Microsoft said on Monday it had been given extra time by the European Commission to respond to the threat of a $2 million-a-day fine over allegations that it has failed to comply with a landmark EU antitrust ruling.
"We have been granted an extension to February 15," a spokesman for the company said.
The extension comes as antitrust authorities in the United States questioned whether the company was doing enough to comply with a 2002 antitrust settlement with the U.S. government.
The U.S. Justice Department said on Monday that delays were holding up efforts to verify documentation for protocols that rival companies need to make their products work with Microsoft's Windows computer operating system.
The European Commission also has complained about the quality of documentation for Windows protocols.
In a decision last month, the Commission had given Microsoft until Wednesday to reply to the charge that it had failed to share information on office servers with its competitors as ordered by Brussels.
In March, 2004, the Commission imposed a 497 million euro fine on the company and required it to offer a version of Windows computer operating system without audiovisual software, because it had competed unfairly against rivals.
Microsoft also was supposed to offer rivals so-called protocols, or rules of the road.
That would enable rival makers of server software that helps manage tasks like printing within a group of desktop machines to work as well with Windows as Microsoft server software does.
The Commission said late last year Microsoft had provided inadequate documentation for the protocols and was charging too much for them.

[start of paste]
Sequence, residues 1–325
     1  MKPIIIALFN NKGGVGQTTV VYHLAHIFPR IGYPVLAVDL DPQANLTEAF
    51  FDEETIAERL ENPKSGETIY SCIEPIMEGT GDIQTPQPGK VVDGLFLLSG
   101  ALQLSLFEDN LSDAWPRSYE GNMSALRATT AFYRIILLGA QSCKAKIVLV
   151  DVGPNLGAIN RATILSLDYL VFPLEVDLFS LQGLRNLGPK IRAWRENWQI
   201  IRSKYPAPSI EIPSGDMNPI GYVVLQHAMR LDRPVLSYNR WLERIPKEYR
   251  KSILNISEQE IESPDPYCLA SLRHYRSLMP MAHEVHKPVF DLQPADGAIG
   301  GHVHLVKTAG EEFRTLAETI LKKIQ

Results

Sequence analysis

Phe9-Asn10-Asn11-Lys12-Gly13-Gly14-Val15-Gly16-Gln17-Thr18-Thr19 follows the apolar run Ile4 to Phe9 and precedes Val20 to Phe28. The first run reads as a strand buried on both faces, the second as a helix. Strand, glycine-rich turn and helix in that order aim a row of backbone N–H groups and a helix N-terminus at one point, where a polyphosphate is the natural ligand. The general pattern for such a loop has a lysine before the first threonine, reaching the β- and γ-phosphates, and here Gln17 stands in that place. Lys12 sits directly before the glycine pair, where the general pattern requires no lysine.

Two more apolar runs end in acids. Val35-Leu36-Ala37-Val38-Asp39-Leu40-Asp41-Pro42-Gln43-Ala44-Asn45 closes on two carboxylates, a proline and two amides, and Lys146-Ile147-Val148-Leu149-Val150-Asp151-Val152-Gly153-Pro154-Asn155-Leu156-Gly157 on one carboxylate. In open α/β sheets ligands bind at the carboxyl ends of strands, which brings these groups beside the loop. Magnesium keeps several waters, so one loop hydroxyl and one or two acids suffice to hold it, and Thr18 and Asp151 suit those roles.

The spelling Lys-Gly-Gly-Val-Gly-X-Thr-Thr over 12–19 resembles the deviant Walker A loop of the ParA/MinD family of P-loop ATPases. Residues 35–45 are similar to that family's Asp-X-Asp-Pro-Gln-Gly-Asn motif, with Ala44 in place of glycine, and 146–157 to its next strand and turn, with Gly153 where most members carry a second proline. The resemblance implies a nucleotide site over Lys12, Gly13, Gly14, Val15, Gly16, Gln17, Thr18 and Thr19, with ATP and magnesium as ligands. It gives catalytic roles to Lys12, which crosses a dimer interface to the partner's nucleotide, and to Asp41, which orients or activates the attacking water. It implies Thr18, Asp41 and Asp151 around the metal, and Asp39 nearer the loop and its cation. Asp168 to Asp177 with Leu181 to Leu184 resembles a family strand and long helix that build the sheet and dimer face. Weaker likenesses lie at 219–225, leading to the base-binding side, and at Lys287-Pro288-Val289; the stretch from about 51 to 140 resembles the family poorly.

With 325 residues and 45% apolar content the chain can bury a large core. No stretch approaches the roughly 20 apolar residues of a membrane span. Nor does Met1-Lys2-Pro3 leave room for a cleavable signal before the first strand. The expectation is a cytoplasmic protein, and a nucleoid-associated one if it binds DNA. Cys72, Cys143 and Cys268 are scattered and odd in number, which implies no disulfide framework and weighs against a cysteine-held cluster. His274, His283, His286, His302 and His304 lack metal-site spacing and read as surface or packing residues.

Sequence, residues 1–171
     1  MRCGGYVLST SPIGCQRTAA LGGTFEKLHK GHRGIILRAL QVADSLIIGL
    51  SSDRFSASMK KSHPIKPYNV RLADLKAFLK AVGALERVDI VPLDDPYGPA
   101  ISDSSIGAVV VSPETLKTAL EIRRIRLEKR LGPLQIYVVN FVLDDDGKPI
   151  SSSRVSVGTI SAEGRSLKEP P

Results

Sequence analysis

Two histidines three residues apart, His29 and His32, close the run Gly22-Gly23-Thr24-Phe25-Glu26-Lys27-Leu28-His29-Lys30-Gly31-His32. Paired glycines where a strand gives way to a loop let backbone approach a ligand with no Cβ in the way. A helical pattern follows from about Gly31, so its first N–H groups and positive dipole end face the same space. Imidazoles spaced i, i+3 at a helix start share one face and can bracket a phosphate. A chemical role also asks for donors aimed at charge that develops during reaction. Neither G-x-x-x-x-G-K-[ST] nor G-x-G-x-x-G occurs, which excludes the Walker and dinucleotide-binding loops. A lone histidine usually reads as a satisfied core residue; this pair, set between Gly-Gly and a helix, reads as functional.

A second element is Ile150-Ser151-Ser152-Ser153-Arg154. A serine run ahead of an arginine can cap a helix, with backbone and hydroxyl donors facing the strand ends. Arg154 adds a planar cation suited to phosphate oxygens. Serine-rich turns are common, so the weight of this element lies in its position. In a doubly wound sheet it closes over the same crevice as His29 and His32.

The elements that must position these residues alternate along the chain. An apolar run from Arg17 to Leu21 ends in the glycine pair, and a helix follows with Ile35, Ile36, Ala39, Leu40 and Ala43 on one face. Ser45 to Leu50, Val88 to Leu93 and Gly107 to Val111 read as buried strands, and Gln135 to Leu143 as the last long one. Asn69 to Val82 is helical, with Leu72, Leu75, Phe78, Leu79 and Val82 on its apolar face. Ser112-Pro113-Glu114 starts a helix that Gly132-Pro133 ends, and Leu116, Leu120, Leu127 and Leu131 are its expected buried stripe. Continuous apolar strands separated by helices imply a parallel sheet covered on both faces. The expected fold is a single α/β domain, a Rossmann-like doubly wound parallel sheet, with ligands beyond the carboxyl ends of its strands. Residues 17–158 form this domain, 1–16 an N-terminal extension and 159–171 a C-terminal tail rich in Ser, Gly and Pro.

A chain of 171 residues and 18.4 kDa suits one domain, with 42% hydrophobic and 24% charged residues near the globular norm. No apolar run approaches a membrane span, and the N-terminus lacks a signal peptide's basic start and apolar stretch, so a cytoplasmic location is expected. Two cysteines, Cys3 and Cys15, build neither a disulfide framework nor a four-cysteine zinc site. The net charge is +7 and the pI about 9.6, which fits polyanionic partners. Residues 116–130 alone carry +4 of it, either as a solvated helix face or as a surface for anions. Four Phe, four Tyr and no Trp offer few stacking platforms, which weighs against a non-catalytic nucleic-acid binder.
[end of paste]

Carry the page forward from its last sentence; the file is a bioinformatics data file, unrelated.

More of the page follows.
Microsoft has given reasons for its charges and the Commission says the reply is still being analyzed. If the Commission accepts the explanation the fine could be reduced.
In the United States, the Justice Department said the company had fallen behind on some of the technical work needed to comply with the landmark antitrust settlement there.
Microsoft is required to license key computer protocols to other companies under terms of the U.S. settlement.
In a filing on Monday in U.S. District Court for the District of Columbia, the department cited Microsoft delays that it said were holding up efforts by an outside panel of technical experts to test and verify the documentation.
Since mid-November Microsoft has not been responding quickly enough when the outside panel has asked it to fix or explain bugs in the documentation, the department said in the filing with U.S. District Judge Colleen Kollar-Kotelly.
"Microsoft needs to dramatically increase the resources devoted to responding to technical documentation issues in order to get its performance under the SLGs (timetables) back on track," the department.
The department also said Microsoft had provided bad information that caused problems at a testing lab in India, which also was being designed to verify the accuracy of Microsoft protocols.
In a January 17 filing with the court, Microsoft said it was working hard to comply but said it was having "substantial difficulties finding and hiring competent employees with the necessary experience in and training for these highly specialized tasks."